I lose count of the number of times it happens. A succession of seemingly completely different books provide subtle links to each other as one book hands over the baton to the next and we've had no relay handover disasters with The Informers by Juan Gabriel Vasquez and published by Bloomsbury. I might see how many laps we can manage without dropping the baton over the next few reads.Before I say a word about the book I have to comment on the cover. It's good, monochrome, the crowded street with the figures circled in red, but there's something puzzling me.
Could someone explain? Why has that woman, top right, got a basket on her head?
Is that a dog she's carrying?
Is it the dog's basket?
Is this normal for Columbia perhaps?
I haven't got to the bottom of that and nothing in the book seems to explain it but enough of that here's the link to Resistance.
As Britain is being invaded in Owen Sheer's book, over in Colombia the same war is being played out in protagonist Gabriel Santoro's book embedded within the novel, A Life In Exile, written to try and explain the wartime plight of a German Jewish woman and friend of the family who fled Germany in 1938. Gabriel's father, a highly respected university professor gives his son's book a scathing and denigrating review and Gabriel junior determines to discover the reasons.
I'm not very hot on Latin-American fiction beyond some Borges and a bit of Marquez with some Allende added in so I suspect there are themes and trends here that have passed me by, yet every ignoble theme resides in this book. Dishonour, disgrace, treachery, betrayal, retribution and revenge as the existence of the wartime blacklists exposes the "duplicity and guilt at the heart of Colombian society in the Second World War."
Thinking he was writing a brilliant and necessary work of literature, Gabriel is rocked by the effect of his book on his father,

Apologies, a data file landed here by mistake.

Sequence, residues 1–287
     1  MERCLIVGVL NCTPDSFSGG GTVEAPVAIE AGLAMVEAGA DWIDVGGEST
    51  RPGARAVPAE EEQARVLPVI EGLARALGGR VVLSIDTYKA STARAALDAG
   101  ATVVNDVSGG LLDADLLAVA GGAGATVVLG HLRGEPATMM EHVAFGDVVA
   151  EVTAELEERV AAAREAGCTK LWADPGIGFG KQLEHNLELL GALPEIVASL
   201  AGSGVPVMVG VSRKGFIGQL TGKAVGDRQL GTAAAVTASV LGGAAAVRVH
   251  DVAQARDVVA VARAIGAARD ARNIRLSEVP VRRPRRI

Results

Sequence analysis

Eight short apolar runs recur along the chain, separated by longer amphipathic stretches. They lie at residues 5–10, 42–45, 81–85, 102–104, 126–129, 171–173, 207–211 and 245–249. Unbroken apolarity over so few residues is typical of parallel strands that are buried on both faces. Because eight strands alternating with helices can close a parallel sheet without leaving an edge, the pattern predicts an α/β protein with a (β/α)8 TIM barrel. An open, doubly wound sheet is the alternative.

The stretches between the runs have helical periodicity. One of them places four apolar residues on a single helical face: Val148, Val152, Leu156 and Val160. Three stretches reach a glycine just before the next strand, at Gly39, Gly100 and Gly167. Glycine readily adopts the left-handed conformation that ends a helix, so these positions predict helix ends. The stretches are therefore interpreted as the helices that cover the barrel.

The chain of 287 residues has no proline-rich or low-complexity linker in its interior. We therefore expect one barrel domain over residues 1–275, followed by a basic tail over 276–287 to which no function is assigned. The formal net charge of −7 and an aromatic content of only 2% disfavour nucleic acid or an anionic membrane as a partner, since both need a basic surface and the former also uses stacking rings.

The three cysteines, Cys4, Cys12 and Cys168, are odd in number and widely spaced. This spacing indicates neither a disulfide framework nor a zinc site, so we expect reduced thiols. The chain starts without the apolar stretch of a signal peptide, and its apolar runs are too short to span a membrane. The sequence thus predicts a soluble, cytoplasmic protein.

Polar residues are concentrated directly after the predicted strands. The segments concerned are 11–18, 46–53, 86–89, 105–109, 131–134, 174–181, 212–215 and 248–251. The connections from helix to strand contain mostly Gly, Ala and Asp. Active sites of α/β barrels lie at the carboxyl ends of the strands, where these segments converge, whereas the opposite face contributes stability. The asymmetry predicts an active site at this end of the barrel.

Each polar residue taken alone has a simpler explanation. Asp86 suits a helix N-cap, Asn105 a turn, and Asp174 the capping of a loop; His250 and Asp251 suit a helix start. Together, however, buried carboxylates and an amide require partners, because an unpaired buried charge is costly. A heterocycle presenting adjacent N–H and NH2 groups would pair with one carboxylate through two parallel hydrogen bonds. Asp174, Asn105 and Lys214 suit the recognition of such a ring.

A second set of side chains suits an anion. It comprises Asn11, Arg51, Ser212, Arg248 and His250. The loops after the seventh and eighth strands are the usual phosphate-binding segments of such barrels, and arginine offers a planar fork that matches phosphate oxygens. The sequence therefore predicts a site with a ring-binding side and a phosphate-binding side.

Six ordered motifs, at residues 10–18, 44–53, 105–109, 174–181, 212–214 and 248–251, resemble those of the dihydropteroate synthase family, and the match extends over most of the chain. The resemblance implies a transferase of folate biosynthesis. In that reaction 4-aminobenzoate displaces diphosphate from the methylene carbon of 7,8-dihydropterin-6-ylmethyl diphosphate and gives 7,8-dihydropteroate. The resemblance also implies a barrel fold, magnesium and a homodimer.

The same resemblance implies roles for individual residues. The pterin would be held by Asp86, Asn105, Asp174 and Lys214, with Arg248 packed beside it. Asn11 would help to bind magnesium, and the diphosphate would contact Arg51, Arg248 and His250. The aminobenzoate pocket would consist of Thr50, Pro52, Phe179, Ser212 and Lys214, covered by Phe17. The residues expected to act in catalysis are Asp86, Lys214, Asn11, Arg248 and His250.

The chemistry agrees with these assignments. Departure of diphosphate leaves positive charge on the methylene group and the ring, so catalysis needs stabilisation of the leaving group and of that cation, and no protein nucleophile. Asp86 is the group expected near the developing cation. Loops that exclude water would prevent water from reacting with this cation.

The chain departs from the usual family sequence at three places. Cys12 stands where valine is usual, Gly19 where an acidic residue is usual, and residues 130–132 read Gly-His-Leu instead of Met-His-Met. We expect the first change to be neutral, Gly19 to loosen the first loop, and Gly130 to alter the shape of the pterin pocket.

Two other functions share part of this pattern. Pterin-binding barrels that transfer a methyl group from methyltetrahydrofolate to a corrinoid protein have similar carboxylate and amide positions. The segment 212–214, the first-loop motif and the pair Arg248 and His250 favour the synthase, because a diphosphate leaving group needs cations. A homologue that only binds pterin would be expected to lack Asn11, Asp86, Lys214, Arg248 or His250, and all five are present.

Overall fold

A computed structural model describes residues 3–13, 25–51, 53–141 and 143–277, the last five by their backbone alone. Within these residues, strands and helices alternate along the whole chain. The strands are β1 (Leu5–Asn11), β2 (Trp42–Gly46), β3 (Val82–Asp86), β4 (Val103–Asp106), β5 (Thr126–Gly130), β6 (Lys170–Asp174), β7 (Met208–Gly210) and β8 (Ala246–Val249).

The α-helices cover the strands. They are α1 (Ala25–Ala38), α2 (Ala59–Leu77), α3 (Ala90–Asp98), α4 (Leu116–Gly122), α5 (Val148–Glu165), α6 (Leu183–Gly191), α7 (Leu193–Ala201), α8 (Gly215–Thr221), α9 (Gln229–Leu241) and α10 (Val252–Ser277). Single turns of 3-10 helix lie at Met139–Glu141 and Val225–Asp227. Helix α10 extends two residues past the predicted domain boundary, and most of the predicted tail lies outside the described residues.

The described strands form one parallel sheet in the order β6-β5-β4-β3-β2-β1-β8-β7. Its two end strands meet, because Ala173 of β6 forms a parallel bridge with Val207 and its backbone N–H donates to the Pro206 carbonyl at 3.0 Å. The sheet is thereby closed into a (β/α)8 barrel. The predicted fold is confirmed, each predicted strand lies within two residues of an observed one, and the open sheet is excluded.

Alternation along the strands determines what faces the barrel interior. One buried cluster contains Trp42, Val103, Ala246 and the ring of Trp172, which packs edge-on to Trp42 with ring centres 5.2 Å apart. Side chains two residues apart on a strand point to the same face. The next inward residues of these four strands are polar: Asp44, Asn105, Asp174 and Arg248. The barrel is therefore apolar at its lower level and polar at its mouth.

'...in manuscript, these pages had appeared so pacific and neutral that I never considered them capable of making anyone uncomforatble, much less of provoking disputes; the printed and bound version, however, was a sort of Molotov cocktail ready to land in the middle of the Santoro household.'
Gabriel senior doesn't mince his words as he lambasts his own son,
'I cannot prevent other people from speaking if they believe it useful or necessary. So I shall not speak out against the parasites, those creatures who use the experience of those of us who have preferred not to speak for their own ends. I shall not speak of those second-rate writers, many of whom have not even been born when the war ended, who now go round talking about the war...they do not know the courage of those who have preferred not to speak.'
Through Anne McClean's excellent English translation, events of the past unfold and merge with the present as slowly,
piece by piece the jigsaw takes shape and both Gabriels are forced to
face unpleasant truths about the past. The impact of 'the probable
embezzlement of other people's lives' was cleverly paced to keep me
slightly on edge as the inevitable unfolded and father and son seek a
way through the unexploded bombshells of the past. Bombshells which
once dug up have to be examined,explained and somehow defused and it is a strange and
haunting conclusion that is finally reached.
In the end there may be no winners and perhaps no losers, the lifetimes of guilt just passed from one to the next, bequeathed to successive generations as each person tries to assuage his conscience and his past. Everyone ultimately traumatised by the far-reaching and seemingly endlessly present tendrils of Nazi Germany and still it all provides an endless river of ideas for authors. A source which Juan Gabriel Vasquez has astutely manipulated from both within and without, I suspect rightly earning his place as one of South America's most promising young writers.